This coming October is breast cancer awareness month, an annual international health campaign organized every October to increase awareness of the disease and to raise funds for research into its cause, prevention, diagnosis, treatment and cure.
Unfortunately breast cancer cases are on the rise (second commonest cancer in Namibia after skin cancer). In 2005 there were 179 cases of breast cancer reported in Namibia, but by 2013 the number had steadily increased to 300 (data from Cancer association of Namibia). Yet myriads of women remain unaware or ill-informed about prevention and screening of this deadly condition. Traditionally breast cancer is common in menopausal women, but lately there has been an increase in the number of young women diagnosed with the cancer. One notable young breast cancer activist was the late brave Chi-Chi. A variant of the cancer found in men tends to be more aggressive than the female type while presenting with the same symptoms and signs.
Oftentimes people with early cancer are asymptomatic. The following symptoms are associated with breast cancer.
• Lump in the breast or underarm (armpit).
• Thickening or swelling of part of the breast.
• Irritation or dimpling of breast skin.
• Redness or flaky skin in the nipple area or the breast.
• Pulling in of the nipple or pain in the nipple area.
• Nipple discharge other than breast milk, including blood.
• Any change in the size or the shape of the breast.
• Pain in any area of the breast
• Inverted nipple where the nipple, instead of pointing outward, is retracted into the breast.
Keep in mind that some of these warning signs can happen with other conditions that are not cancer, but experiencing such symptoms warrants a cautionary visit to the doctor.
Usually it’s impossible to know exactly why one person develops cancer and another doesn’t. Research has shown that certain factors, called risk factors, may increase a person’s chances. The increase in risk factor exposure partially explains the surging breast cancer numbers.
• Female sex is more predisposed to the cancer because of the female hormone oestrogen.
• Previous breast cancer history.
• Family history of breast or ovarian cancer especially in first degree relatives i.e. your mother or sister.
• Nulliparity or never falling pregnant. (Women are less likely to develop breast cancer if they have their first child at an earlier age. Their risk also goes down the more children they have and the longer they spend breastfeeding.)
• Alcohol – The Million Women Study found drinking more than 1 unit of alcohol every day (there are two units in a medium sized glass of wine) can increase the risk of breast cancer by around 10 per cent.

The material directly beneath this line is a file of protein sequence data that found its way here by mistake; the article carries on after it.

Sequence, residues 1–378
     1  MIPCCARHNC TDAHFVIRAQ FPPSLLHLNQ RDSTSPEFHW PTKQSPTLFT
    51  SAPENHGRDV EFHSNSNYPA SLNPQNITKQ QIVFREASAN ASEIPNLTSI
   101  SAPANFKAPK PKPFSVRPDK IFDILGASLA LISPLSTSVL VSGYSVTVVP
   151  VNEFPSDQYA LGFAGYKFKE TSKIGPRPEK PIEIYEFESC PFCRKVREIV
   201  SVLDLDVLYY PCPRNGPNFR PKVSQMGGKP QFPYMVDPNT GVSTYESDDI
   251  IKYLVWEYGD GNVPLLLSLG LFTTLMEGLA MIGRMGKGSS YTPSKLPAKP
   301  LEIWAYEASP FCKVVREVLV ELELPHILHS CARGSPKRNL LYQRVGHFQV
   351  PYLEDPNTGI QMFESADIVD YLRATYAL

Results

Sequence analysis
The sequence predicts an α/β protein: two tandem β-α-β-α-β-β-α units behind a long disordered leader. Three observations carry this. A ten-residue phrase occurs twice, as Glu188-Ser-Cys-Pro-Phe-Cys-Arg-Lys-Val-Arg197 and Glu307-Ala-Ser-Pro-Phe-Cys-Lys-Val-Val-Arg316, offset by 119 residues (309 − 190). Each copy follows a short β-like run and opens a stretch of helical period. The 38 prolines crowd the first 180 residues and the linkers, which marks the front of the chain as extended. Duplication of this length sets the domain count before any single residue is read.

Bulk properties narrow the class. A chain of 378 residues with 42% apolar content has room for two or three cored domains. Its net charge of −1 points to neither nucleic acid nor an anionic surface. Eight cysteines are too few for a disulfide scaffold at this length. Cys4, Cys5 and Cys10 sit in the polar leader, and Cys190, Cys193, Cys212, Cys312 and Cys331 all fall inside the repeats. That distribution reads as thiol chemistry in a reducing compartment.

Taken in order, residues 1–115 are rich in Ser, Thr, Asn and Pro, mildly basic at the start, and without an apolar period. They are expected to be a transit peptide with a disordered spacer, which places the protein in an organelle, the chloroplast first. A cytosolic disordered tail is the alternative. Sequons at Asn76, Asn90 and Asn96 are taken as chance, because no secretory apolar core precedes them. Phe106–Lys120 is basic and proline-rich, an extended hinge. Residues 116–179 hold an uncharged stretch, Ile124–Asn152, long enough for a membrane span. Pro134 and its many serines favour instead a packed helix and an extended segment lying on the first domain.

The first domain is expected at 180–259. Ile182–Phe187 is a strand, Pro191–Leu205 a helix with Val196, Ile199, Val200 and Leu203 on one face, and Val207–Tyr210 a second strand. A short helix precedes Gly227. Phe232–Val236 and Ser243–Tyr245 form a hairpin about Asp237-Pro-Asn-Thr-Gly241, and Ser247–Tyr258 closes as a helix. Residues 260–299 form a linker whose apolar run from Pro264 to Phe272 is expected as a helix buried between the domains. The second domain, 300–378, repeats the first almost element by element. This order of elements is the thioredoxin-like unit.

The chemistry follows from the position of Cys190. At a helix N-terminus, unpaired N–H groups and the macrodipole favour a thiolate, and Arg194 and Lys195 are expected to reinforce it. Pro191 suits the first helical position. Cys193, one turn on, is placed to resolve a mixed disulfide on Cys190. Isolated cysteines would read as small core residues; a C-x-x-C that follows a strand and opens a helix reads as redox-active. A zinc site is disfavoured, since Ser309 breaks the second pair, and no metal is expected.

• Tobacco use is associated with breast carcinoma.
• Obesity (being overweight).
• Benign breast disease.
• HRT (hormone replacement therapy): Discuss with your doctor the risk involved. Radiation exposure, especially X-rays, CT scans – as more women reach old age their cancer risk increases.
Breast cancer screening activities are done to detect cancer early before any symptoms show and ideally before the cancer has spread to other parts of the body. Early treatment gives the best treatment outcome.
1. Weekly self-breast examination should be done by all women starting in their 20s. Women should know how their breasts normally look and feel and report any breast changes to a health care provider right away.
2. Yearly breast exam by a medical professional from your 20’s.
3. Yearly mammogram from the age of 40. A mammogram is an X-ray of the breast. It is the best way to detect breast cancer early before it becomes symptomatic or more difficult to treat. Mammograms work best when comparing different X-rays taken at different times. Whenever possible bring your old mammograms for comparison.
4. Ultrasound/sonar: Your doctor may recommend ultrasound before mammography if you’re under age 30 because young women’s breasts are dense and full of milk glands making mammogram interpretation difficult.
5. BRCA 1 and 2 gene test: BRCA stands for breast cancer 1, early onset. The faulty genes are inherited and account for only 5 % breast cancer and 10% ovarian cancers. This genetic testing is offered to people with a strong family history of early onset breast and ovarian cancer and relatives of men with breast cancer. Extensive genetic counselling is offered. Contact your health provider for more information on the above screening tests. In 2013 and 2015 Angelina Jolie had both her breasts and ovaries removed because she carried a faulty BRCA 1 gene. Her mother, grandmother and aunt all died from ovarian cancer.
Although breast cancer screening cannot prevent breast cancer, it can help detect breast cancer early, when it is easier to treat. Early screening and awareness remain our best option. This year take that step to practise regular self-breast examination and get screened. Exercise regularly, reduce fatty foods and remember there is a CAN in cancer.
• Dr Brian Chaka can be contacted on 065 251373 or email firstname.lastname@example.org